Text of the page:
Today while perusing my Alltop page, I found a post titled: What will be the successor of the current user profile in online networks? by Eric Mariacher. In the post he stated:
My answer is: I guess LinkedIn is pioneering the “successor of user profile” with 3 specific features:
1. who you know – your network
2. recommendations from current and past colleagues
3. LinkedIn Q&A feature where you can advertize your skills by asking and answering question. from what I understand this is what you call “software usage”.
When I read this, I needed to make a comment. LinkedIn is pioneering the successor of the user profile? If that’s what pioneering is, then what is Beat-Play? These three features are cool, and very useful from a professional standpoint. They add reasons to have a profile, other than telling everyone that you’re at the ski lodge for the week so robbers will have open access to your house.
Adding practical functionality is always good, but these uses alone are not enough. Not only should the profile represent you professionally and personally, but imagine if your profile information was tied to the content you view online, and your web use in general. Imagine if you accessed all of your favorite stored content through your profile. Imagine if you only needed one profile!
The future of profiles online will lie in the browser. It seems like a strange concept at first, but given a closer look, it just seems practical. There’s literally millions of websites out there, and every one pretty much does something different, and useful. This goes back to my Toolbox post from last week. We need a place to keep all of these great tools, and the browser is the place to do it.
Browsers like Safari, and now Chrome, are beginning to offer quicker ways to access your favorite sites, by offering a function that shows you screens shots of your favorite websites upon launch, so you can easily 1-click and be off. However this is only a very small way browsers can save us time.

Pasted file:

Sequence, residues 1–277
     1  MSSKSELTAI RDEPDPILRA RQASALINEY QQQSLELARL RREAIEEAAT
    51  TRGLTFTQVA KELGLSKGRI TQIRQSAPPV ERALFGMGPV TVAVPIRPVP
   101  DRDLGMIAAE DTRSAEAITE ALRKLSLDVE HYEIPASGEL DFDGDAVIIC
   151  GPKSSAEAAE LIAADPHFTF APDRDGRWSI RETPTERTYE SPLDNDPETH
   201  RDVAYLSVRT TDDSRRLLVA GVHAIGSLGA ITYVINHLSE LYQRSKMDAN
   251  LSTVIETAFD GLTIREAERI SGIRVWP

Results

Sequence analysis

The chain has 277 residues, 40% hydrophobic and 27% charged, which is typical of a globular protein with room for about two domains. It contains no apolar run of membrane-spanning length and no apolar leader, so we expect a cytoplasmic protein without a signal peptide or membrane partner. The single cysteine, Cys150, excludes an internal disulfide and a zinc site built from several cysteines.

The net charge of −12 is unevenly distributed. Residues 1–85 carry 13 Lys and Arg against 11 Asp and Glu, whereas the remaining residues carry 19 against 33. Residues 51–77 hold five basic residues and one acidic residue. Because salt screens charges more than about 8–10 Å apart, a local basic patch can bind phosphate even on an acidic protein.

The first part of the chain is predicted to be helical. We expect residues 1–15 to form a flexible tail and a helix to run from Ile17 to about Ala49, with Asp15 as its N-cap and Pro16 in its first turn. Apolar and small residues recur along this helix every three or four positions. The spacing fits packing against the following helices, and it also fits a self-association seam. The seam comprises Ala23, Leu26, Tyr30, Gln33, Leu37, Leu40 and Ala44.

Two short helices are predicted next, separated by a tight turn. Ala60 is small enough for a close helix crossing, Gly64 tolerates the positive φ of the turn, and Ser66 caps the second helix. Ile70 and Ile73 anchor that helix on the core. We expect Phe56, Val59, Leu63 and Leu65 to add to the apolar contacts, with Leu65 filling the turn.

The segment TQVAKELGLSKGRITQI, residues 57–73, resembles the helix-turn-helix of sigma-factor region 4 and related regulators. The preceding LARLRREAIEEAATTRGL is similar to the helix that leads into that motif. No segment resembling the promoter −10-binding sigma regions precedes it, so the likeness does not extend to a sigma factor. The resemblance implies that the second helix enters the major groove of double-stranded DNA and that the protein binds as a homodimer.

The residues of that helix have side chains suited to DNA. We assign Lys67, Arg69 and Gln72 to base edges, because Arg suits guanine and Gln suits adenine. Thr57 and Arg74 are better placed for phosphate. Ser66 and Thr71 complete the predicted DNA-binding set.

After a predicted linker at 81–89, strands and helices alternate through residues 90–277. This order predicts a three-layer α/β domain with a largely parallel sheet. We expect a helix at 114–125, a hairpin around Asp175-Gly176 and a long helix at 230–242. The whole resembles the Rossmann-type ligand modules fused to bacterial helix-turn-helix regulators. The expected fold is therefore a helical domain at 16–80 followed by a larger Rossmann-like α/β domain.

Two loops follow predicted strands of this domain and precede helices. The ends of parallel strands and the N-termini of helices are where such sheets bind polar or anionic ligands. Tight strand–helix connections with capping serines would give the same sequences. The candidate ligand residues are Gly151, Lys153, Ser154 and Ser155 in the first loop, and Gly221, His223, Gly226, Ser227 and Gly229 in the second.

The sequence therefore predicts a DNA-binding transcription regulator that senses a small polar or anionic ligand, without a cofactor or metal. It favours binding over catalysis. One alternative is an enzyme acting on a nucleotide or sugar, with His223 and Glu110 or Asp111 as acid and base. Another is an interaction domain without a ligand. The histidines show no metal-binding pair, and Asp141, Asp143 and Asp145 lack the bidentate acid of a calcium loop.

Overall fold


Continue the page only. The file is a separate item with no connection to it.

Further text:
Many websites I use require me to sign up, register, and usually create a profile. For many people, this is a big deterrent from actually using some sites. There have been attempts by companies to create universal profile systems such as Open ID, and many others. However this also requires a person to create a profile, and then not all websites support these forms of identification, or they support one, but not another.
A better solution would be for the browser to house the user’s profile information. Think about it. There are about 5 major browsers on the market today. Compared with the number of websites, which is the more universal medium? If even the top 3 browsers had systems to store profile info, the websites would have a much easier time integrating their logins with those browsers. Many websites already make Firefox Add-ons and widgets. It’s become extremely easy, especially with the open source browsers, to integrate websites into them. Also, it wouldn’t be too hard to sync a user’s Twitter, Myspace and/or Facebook profile with a profile stored on a browser – the ultimate solution!
I cannot wait for the day when I go to sign up to a new website and it asks me to agree to the terms, and then I get a little box that says “Syncing to Browser Profile Data.” That would sure save me a headache, and it could be an amazing thing for websites as well.
But hey, if the big browsers wait to long, then shit, I’ll just have to do it myself. Browsers are for sure the future of profiles, and in my opinion, computing in general, even over OS’s, just ask Google.
Written by: Dante Cullari Founder & President Beat-Play, LLC